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Sunrises and sunsets, Part II (09/21/2003)
By Tom Hirsch
Capturing a sunrise or sunset on film is a rewarding experience. Getting photos that are properly exposed, sharp and well composed can be a rewarding challenge.

Exposure is the first challenge. This is easiest to solve with a single-lens reflex (SLR), but any camera can be used. The sky is the most important part of the scene, so this is where the exposure should be obtained.

When the sun is more than two fingers above the horizon, meter away from the direct rays of the sun, but try to find a bright area of sky. Lock in the exposure, compose the shot as you'd like it, and quickly take the picture. If your camera has exposure bracketing or you can control the exposure manually, take three shots - one at the metered exposure, a shot one or two stops overexposed, and a shot one or two stops underexposed. This will give you three pictures of varying densities, any or all of which might be what you want.

If your camera doesn't allow for exposure variation, get a meter reading as described above, lock in the exposure, recompose as you want the scene to look, and shoot. For a second shot, compose the picture as before, but use the backlight button to increase the exposure. For the third shot, swing the camera a little further away from the sun to get an exposure, without using the backlight button. Remember to lock in the exposure each time.

For the sharpest images, use a tripod. If one isn't available and you have an SLR, use a shutter speed that's at least as fast as the reciprocal of the focal length of the lens you are using. For example, if a 50mm lens is used, shoot at a shutter speed of 1/60 or faster.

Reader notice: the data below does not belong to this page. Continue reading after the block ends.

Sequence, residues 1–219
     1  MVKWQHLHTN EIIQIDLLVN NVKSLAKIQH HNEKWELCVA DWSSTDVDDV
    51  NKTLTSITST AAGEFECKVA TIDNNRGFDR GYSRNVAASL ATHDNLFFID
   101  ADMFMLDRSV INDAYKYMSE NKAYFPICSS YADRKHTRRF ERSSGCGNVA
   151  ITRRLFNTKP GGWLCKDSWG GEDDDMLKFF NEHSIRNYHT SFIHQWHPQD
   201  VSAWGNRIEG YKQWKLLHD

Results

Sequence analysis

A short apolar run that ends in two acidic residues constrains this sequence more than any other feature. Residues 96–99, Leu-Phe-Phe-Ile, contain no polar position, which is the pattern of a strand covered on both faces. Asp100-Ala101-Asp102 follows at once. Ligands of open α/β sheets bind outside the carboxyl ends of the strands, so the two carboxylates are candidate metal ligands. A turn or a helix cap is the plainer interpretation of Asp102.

If you have a camera with a built-in flash and the flash activates when you're ready to shoot a sunrise or sunset, you know that the shutter speed is too slow for hand-holding the camera. Use a tripod, or brace yourself or the camera for maximum steadiness. And turn the flash off. If you don't, the pictures will probably be underexposed.

Now the next challenge, composition. This is strictly a personal matter, but there are a few hints that can be helpful. If you have a zoom lens, with the camera up to your eye, vary the focal length of the lens through its entire range. Notice how the emphasis changes. When the lens is at its full telephoto range, the sun will be at its largest, and there will be less sky. At full wide angle, the size of the sun diminishes and the sky becomes more prominent. Now you can control the emphasis.

In sunrise and sunset shots, foreground objects can be used to enhance the mood or add to the feeling of serenity. You might include a tree, a person or couple, bushes, birds in the sky, or anything else that would be appropriate. Remember, though, that whatever is included will be silhouetted against the sky or water.

For the most accurate rendition of a sunset, use slide film. If you shoot print film, be aware that automatic printing machines will often print for average density in order to get detail in all density ranges of a scene. This could wash out the brilliant colors in the sky, totally ruining the effect. Most photo shops will print to please the customer. If the returned pictures are not to your liking, show the dealer the prints and ask if the negatives can be reprinted to reveal the brilliance of the sky. Remember that enlargements can be made from slides as well as from print film.

When photographing a sunrise or sunset, don't skimp on film. Take pictures throughout the entire time range, from beginning to end. You'll experience a wide range of color and mood changes. Accept the challenge. You'll be well pleased with the rewards. 

 

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